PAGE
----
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General relativity and astrophysics

It is necessary to consider the subtle implications of general relativity when investigating astronomical objects in extreme conditions, such as black holes and neutron stars, and the emission of gravitational waves
General relativity and astrophysics
Einstein's theory of general relativity describes how matter/energy interacts with the geometry of spacetime at a fundamental level. It can also be used to describe all gravitational interactions at stellar, galactic and cosmological scales. Accordingly, different communities usually investigate fundamental aspects of gravitational interactions and their astrophysical implications.

New precision observations of compact objects (black holes and neutron stars) and the advent of gravitational wave astronomy provide us with the unique opportunity to merge these disjointed efforts, and to test fundamental physics with astrophysical observations at an unprecedented level. The goal of the ASTROGRAPHY (Gravity, fundamental physics and astrophysics: The missing link) project was to provide a connection.

The team developed a new theoretical formalism to study the deformability of spinning relativistic compact objects within general relativity. They proved that the so-called Love numbers of a spinning black hole are zero up to second order in the spin, and they computed for the first time the Love numbers for a spinning neutron star within general relativity. These results have important implications for estimates of the effect of rotation in the context of gravitational wave astronomy with advanced detectors (such as aLIGO, aVIRGO and KAGRA).

ASTROGRAPHY investigated possible strong-field tests of general relativity using present and future astrophysical observations. Classical and Quantum Gravity published a Topical Review, and a Focus Issue 'Black Holes and Fundamental Fields' was published on this topic.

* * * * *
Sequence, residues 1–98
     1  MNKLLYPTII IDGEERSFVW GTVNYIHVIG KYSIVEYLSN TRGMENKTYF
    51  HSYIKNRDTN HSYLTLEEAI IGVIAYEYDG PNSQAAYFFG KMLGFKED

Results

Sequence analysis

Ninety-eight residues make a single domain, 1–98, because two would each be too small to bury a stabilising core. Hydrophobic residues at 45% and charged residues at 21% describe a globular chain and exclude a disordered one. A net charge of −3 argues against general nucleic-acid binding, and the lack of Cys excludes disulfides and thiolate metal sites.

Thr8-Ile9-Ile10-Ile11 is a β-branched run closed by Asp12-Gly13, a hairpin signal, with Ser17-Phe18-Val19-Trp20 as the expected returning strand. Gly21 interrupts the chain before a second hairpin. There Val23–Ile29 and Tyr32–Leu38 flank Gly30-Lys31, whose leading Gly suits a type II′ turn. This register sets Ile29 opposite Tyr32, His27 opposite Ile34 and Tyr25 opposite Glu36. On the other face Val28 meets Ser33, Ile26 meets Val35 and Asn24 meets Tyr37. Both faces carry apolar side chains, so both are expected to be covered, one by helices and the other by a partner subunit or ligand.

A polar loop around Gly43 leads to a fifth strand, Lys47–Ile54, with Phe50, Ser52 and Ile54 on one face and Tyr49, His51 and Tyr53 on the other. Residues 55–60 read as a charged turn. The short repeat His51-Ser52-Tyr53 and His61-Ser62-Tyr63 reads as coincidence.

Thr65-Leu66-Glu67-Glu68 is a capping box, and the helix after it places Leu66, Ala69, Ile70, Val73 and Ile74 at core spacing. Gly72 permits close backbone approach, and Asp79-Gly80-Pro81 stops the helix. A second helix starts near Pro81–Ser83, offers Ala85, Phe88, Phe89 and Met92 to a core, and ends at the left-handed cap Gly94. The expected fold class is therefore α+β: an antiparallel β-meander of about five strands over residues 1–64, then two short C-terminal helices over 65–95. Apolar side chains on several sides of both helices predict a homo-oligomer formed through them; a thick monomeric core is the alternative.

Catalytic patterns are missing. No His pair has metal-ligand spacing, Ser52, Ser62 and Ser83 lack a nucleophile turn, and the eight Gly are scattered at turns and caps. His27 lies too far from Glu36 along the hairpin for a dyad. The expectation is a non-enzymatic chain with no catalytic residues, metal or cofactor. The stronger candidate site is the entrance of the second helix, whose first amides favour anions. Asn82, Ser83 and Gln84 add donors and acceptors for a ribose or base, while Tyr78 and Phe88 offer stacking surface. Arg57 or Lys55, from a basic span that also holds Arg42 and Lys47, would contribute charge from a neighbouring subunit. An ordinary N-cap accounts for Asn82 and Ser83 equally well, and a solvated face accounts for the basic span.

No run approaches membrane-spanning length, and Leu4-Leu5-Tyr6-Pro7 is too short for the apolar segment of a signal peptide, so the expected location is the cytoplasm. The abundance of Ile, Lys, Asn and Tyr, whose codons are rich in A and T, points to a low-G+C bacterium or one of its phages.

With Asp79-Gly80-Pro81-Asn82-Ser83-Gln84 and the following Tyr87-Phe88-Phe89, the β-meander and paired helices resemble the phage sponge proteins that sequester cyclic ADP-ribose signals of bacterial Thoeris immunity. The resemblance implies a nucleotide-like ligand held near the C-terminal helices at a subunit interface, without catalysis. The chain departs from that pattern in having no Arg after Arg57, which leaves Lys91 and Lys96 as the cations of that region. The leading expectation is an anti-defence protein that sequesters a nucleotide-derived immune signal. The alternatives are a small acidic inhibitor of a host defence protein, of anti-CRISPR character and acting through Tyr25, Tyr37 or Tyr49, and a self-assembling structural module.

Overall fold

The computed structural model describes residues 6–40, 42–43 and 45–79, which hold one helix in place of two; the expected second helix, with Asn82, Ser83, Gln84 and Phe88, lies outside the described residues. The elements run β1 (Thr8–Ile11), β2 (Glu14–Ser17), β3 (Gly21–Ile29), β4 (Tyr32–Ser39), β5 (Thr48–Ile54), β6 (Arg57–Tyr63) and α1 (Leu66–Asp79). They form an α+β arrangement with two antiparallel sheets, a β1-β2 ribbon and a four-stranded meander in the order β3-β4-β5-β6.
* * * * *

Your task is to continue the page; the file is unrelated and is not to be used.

Scientists investigated the superradiant instability of spinning black holes in the presence of light bosonic fields. The principal researcher is the co-author of a monograph published by Springer in 2015 on this subject.

The results of this project will have impacts both for gravitational wave astronomy and for fundamental physics. They demonstrate the key role that compact objects play in various areas of research, ranging from astrophysics to particle physics.

The project published nine scientific papers in leading journals, with one monograph published by Springer, one Topical Review and one Focus Issue each published in Classical and Quantum Gravity, and two conference proceedings. All the numerical codes developed and used during this project are publicly available here and the original papers are available through the ArXiv database.

Related information


General relativity, astrophysics, spacetime, gravitational interactions, ASTROGRAPHY, Love numbers
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